“When Garth Drabinsky is involved, people are rightly concerned that all the I’s are dotted and the T’s are crossed,” said David Levy, an Equity spokesman. The problems were apparently resolved, but it was hardly the sort of incident anyone wants at the outset of a Broadway run.
Drabinsky blamed a delay in delivering final contracts for the dispute, and misunderstandings about what the actors were owed when the show transferred to New York from Chicago. “The Chicago contract froze the deal for New York,” he said. “There was no variation allowed. They were asking for something we were not committed to give.”
What’s more, Drabinsky stressed, he is not in charge of the show’s finances — an arrangement made explicit by the limited partnership formed to bring it to Broadway. “I walked away from every element of fiscal control of this show,” he added. “I don’t sign checks. I don’t get involved. I never want to live through the horror of what I went through in 1998 again.”
Instead, he’s been working to get “Paradise Square” in shape for Broadway. The show began life nine years ago with a small-scale musical called “Hard Times,” written by the Irish American musician Larry Kirwan, lead singer of the rock band Black 47. It is set during the Civil War, in the gritty Five Points neighborhood of Manhattan, where Irish immigrants and freed Black Americans lived together — and where Stephen Foster (whose music formed the bulk of the score) resided during his final years. The show climaxes with the draft riots of 1863, when white working-class New Yorkers formed violent racist mobs following a draft lottery.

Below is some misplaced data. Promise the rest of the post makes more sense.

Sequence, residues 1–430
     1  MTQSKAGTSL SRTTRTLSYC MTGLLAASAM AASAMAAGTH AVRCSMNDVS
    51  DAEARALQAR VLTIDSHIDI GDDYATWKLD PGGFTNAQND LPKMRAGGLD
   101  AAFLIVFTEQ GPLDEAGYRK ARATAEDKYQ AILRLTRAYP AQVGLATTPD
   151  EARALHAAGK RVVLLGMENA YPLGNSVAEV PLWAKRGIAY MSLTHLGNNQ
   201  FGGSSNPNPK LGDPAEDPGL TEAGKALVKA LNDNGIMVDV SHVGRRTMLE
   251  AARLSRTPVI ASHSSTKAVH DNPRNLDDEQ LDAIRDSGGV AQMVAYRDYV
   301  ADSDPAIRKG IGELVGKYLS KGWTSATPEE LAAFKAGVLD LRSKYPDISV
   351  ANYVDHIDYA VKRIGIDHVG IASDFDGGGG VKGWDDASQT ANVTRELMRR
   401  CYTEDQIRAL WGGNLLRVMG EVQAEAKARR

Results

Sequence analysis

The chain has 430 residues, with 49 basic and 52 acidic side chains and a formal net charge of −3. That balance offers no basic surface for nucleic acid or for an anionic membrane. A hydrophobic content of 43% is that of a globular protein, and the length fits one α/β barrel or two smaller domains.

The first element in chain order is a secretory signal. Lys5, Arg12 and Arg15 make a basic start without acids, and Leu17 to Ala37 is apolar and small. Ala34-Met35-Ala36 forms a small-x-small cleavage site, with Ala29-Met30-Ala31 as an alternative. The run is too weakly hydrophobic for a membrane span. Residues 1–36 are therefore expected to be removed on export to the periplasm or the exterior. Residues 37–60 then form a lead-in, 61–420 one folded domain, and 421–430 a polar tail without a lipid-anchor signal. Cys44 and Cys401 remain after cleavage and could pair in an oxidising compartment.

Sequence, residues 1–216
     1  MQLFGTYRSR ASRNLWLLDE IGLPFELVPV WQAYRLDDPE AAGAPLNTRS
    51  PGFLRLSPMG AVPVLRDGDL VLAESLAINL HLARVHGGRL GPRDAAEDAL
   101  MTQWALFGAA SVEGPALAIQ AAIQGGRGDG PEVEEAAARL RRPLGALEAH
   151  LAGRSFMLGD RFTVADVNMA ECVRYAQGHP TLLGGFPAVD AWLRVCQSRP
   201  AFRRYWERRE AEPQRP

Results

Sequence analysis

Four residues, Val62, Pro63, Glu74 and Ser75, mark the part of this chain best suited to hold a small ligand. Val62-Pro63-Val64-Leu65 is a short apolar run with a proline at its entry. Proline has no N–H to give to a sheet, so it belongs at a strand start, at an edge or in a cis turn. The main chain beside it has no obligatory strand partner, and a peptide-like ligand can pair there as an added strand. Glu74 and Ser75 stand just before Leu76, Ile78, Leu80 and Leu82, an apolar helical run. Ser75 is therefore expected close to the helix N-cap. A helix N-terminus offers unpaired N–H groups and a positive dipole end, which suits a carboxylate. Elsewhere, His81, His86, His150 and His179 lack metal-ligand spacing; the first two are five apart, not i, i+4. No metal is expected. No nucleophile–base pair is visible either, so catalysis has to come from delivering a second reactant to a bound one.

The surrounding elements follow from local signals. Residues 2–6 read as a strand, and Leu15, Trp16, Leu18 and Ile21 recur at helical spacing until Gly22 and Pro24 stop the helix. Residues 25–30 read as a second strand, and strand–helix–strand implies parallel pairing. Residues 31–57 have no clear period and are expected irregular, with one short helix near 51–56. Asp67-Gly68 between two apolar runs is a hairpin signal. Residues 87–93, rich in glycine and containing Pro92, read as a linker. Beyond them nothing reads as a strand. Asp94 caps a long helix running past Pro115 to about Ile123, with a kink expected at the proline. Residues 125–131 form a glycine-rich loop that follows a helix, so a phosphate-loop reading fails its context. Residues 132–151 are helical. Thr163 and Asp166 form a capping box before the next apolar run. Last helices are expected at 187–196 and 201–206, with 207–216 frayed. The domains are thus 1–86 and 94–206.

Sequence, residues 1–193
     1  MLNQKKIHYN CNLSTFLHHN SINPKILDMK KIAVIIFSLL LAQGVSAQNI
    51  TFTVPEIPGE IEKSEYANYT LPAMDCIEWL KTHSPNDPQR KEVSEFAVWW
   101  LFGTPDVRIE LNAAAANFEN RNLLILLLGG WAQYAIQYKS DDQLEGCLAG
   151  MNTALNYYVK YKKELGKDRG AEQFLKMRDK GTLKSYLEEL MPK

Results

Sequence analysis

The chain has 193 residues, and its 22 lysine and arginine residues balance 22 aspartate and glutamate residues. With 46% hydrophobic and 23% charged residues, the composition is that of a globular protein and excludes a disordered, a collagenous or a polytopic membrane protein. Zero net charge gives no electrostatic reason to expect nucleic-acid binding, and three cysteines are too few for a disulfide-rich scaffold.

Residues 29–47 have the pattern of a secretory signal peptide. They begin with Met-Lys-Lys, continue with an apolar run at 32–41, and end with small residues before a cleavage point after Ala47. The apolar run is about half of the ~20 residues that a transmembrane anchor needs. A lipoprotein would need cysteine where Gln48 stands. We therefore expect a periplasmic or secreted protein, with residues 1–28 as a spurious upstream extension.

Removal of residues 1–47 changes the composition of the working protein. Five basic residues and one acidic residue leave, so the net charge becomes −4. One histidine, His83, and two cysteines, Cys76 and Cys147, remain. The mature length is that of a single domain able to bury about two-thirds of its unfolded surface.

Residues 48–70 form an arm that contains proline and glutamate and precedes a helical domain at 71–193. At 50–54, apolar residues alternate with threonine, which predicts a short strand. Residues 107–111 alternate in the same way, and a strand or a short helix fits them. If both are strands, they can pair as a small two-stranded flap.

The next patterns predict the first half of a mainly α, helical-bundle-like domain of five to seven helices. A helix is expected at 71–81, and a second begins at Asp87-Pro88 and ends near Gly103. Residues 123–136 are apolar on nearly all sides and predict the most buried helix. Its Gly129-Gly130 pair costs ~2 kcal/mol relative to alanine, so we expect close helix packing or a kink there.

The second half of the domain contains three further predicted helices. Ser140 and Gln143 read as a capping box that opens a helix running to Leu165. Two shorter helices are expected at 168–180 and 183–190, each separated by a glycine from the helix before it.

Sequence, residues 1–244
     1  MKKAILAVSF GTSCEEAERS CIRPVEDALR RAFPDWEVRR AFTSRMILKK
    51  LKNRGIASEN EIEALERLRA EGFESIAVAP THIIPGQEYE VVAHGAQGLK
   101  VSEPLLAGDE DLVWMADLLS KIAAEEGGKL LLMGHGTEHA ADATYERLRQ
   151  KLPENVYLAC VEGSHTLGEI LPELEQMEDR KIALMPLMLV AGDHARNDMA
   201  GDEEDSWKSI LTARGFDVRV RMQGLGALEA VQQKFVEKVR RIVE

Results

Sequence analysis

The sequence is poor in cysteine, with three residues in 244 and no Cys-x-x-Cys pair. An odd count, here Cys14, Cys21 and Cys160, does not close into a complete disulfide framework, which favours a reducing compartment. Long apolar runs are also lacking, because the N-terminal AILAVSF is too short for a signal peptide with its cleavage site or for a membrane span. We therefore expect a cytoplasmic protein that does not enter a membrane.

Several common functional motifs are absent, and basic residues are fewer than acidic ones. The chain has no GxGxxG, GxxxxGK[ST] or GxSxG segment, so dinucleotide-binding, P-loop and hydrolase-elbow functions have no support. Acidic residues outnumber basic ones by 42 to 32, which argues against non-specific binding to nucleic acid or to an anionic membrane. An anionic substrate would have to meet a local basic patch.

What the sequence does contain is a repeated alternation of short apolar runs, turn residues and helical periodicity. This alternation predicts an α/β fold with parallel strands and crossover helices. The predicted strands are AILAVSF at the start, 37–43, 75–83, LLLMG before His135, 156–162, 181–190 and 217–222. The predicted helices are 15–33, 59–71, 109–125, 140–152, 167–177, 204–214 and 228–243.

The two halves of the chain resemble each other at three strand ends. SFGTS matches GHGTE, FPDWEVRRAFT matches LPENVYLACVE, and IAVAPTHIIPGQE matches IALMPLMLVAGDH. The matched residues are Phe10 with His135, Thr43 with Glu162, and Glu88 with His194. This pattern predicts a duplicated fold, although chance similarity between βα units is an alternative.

Drabinsky loved the concept, but shied away from anchoring the show in Foster’s music, with its romanticization of the slavery-era South. So he set about reworking the piece, hiring the composer Jason Howland to write a new score (only two Foster songs remain), a succession of writers to shift the story’s focus to the owner of a neighborhood saloon (played by the Tony nominee Joaquina Kalukango), and a top-notch creative team, including Kaufman, as the director, along with the choreographer Bill T. Jones.
The themes of racial justice and the immigrant experience have long attracted Drabinsky, and their currency has only grown in the years of development, which included a 2019 workshop production in Berkeley, Calif. “When the show began to parallel what was happening today in America and the world, it was sort of freaky,” he said. “And it hasn’t stopped changing. Even to the point that days before our first preview, Russia invades Ukraine. Three million immigrants are now looking for a new home.”
Drabinsky also made an effort to diversify the creative team, hiring Christina Anderson, a Black playwright, to revise Craig Lucas and Kirwan’s script, and the composer-lyricist Masi Asare, who collaborated with Nathan Tysen on the lyrics.